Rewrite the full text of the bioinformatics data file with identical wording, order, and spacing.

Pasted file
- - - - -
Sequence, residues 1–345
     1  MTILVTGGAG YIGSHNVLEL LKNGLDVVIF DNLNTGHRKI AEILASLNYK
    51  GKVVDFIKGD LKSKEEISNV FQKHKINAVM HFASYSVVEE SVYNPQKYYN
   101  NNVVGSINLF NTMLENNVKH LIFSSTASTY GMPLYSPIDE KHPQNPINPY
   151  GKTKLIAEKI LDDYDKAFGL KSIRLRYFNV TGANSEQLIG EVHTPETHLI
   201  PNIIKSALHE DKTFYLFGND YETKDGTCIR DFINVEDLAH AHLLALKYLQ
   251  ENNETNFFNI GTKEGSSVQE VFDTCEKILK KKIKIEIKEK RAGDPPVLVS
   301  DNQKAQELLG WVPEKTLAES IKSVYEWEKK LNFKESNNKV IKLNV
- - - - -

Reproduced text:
Sequence, residues 1–345
     1  MTILVTGGAG YIGSHNVLEL LKNGLDVVIF DNLNTGHRKI AEILASLNYK
    51  GKVVDFIKGD LKSKEEISNV FQKHKINAVM HFASYSVVEE SVYNPQKYYN
   101  NNVVGSINLF NTMLENNVKH LIFSSTASTY GMPLYSPIDE KHPQNPINPY
   151  GKTKLIAEKI LDDYDKAFGL KSIRLRYFNV TGANSEQLIG EVHTPETHLI
   201  PNIIKSALHE DKTFYLFGND YETKDGTCIR DFINVEDLAH AHLLALKYLQ
   251  ENNETNFFNI GTKEGSSVQE VFDTCEKILK KKIKIEIKEK RAGDPPVLVS
   301  DNQKAQELLG WVPEKTLAES IKSVYEWEKK LNFKESNNKV IKLNV